Warehouse 13: Snag It, Bag It, Tag It
In July 2009, the Syfy Network expanded upon the final moments of Raiders of the Lost Ark, giving the “some place very safe” an actual location and the “top men working on it” both names and faces. According to Warehouse 13, the warehouse in question is built into a mountain within the desolate Badlands of South Dakota, while the man-in-charge is an overweight, bushy-haired former cryptographer for the NSA named Artie. It was revealed during Raider of the Lost Ark that the Ark of the Covenant had supernatural powers, and the other items contained in this particular warehouse are just as mystical and dangerous. In the end, they have been locked away not because of governmental inefficiency and red tape but in order to keep the general population safe from their inherent powers and aftereffects.
Warehouse 13 follows the adventures of Artie Nielsen (Saul Rubinek) and his latest recruits, Secret Service Agents Pete Lattimer (Eddie McClintock) and Myka Bering (Joanne Kelly), as they travel the world in order to “snag, bag and tag” such items. The series utilizes the same format as The X-Files, with the majority of the installments being standalone episodes containing a specific “case” that needs solved by the end of the hour. Like The X-Files, the agents of Warehouse 13 are also polar opposites. Instead of believer and skeptic, however, Pete Lattimer and Myka Bering display a childlike-wonder and “trust your gut” style for the former, and a more tightly-wound, analytical approach for the latter. Or, as Artie Nielsen tells Bering, “He’s intuitive and you have a scrupulous eye for detail. He’s scattershot, you’re meticulous. You look, he leaps.” And just as The X-Files needed both Fox Mulder and Dana Scully to resolve its narratives, the same can be said of Warehouse 13.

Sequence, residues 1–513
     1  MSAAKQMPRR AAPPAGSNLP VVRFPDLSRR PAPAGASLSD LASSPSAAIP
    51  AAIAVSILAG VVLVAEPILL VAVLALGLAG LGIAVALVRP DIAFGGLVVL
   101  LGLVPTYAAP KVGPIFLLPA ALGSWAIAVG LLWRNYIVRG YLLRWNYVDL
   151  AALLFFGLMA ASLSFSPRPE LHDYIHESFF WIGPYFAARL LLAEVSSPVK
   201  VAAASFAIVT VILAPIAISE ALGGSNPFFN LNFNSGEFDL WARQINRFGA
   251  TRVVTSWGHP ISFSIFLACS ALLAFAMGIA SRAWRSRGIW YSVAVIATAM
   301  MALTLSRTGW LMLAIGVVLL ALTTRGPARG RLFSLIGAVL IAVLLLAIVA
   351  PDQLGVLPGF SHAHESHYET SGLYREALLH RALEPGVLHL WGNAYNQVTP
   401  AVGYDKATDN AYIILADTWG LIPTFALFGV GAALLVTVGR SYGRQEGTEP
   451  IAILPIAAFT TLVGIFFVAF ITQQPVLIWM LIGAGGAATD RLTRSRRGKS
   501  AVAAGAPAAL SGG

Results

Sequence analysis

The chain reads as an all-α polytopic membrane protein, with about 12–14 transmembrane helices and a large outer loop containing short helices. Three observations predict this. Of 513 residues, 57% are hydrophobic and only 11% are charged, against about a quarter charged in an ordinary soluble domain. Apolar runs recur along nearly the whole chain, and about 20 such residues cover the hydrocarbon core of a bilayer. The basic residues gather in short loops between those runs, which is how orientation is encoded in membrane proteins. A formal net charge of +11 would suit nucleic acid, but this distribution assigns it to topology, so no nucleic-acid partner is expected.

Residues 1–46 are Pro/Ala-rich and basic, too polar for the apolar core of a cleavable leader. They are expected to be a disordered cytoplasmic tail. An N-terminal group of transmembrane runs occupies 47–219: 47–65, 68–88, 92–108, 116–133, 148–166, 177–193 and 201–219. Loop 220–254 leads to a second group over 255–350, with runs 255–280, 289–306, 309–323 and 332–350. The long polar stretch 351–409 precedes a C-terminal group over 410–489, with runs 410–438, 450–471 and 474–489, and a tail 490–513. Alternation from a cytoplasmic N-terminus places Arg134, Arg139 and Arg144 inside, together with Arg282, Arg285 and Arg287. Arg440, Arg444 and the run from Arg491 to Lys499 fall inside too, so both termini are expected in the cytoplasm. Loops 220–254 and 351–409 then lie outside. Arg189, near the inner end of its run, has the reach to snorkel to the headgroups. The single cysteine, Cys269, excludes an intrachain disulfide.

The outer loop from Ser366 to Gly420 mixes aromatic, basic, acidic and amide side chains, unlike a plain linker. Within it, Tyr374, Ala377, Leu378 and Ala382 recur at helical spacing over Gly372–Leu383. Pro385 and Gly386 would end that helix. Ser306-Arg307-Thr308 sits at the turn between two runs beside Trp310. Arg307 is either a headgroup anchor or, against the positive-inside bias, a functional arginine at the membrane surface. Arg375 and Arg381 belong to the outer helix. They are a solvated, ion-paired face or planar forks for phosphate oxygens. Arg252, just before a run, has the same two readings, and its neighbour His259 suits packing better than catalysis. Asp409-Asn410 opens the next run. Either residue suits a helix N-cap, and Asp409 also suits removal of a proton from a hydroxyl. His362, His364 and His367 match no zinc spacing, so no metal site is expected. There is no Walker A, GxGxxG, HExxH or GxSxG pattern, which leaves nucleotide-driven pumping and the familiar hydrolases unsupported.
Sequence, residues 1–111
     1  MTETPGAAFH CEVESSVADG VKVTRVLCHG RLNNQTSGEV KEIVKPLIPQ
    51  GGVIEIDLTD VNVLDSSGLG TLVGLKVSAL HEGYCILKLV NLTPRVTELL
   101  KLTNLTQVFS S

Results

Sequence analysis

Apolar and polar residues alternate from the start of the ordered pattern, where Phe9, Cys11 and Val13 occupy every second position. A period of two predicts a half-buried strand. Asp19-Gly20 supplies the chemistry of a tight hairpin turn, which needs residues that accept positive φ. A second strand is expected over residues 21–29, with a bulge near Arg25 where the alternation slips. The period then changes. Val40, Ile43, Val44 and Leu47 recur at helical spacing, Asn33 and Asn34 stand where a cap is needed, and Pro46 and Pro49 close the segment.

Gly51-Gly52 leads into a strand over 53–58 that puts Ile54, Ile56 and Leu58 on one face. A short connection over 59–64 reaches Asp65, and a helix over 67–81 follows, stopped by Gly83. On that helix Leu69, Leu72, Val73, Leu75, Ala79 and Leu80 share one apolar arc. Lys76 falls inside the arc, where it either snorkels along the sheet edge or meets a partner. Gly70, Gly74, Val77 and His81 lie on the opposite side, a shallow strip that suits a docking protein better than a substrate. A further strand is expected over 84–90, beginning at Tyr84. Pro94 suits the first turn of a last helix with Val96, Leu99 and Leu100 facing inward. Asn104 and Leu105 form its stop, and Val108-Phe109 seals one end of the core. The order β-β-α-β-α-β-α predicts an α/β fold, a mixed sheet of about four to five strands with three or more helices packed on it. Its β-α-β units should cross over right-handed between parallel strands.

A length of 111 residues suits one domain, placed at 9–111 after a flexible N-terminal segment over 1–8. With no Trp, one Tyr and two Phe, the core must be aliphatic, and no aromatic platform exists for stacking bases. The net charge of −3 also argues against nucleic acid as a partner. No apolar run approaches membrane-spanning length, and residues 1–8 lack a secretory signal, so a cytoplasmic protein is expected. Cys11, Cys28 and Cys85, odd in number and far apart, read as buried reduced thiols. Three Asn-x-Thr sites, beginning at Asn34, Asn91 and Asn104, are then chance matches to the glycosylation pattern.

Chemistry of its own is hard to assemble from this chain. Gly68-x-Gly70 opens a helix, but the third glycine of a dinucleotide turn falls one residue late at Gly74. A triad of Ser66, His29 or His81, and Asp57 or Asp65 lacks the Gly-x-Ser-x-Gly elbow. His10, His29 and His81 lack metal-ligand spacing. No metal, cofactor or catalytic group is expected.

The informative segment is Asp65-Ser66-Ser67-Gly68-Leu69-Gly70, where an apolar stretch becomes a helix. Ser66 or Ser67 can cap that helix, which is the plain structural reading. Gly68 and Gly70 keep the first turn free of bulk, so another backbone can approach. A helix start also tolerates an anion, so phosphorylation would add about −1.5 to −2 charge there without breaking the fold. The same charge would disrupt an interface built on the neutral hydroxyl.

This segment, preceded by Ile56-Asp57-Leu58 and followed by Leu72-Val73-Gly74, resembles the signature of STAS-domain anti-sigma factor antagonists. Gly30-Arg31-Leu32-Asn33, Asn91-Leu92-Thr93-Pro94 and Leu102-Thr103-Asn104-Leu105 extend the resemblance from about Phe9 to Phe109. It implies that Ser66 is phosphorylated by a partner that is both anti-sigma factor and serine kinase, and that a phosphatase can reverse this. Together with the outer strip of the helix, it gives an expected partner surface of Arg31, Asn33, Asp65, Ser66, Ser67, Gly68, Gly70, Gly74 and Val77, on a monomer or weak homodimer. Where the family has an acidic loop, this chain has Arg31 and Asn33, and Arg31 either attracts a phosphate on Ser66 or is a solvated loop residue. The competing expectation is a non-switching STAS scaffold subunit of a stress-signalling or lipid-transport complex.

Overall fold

Warehouse 13 is more lighthearted than The X-Files but that does not take away from its viewing pleasure. The Syfy drama draws upon a wide assortment of historical and mythological facts as well as fictions for its episodes, with everything from Benjamin Franklin’s lightning rod, George Patton’s military helmet, Pandora’s Box and statues of Greek gods Zeus and Hera coming into play. In many ways, watching Warehouse 13 is a crash-course on not only history but pop culture as well, with items from Marilyn Monroe, Jerry Garcia, Jimi Hendrix, Vincent Van Gogh, Frank Lloyd Wright and Edgar Allen Poe also given the artifact treatment.
Like the series itself, many of these items display humorous attributes. The shoes once worn by Richard Nixon, for instance, grants the ability to “tap dance” around the truth, while the juggling balls of W.C. Fields induce drunkenness. Other items are much more dangerous, such as the looking glass of Lewis Carroll—which serves as the prison for an insane Alice Lidell—while the facial compact of axe-murderer Lizzie Borden causes its owner to kill the person that they love the most. Although both Pete Lattimer and especially Myka Bering initially view their new assignment as agents of Warehouse 13 as either punishment or demotion, they quickly realize that their jobs are more important than protecting the president of the United States and more vital than the efforts of any other government agency.
As the series continues over the course of its multiple seasons, the mythology of Warehouse 13 is fleshed out even further. The South Dakota-based facility is the thirteenth rendition of such a warehouse—with the original established by Alexander the Great—and is always located in the country that serves as the dominant world power of its time period. Prior warehouses have thus been located in Egypt, Mongolia, Constantinople, Russia and Great Britain. The leading minds of each generation have also been associated with these warehouses. H.G. Wells, for instance, was an agent of Warehouse 12 in London, while Thomas Edison, Albert Einstein, M.C. Escher and Nikola Tesla all played roles in the establishment of Warehouse 13 in the United States.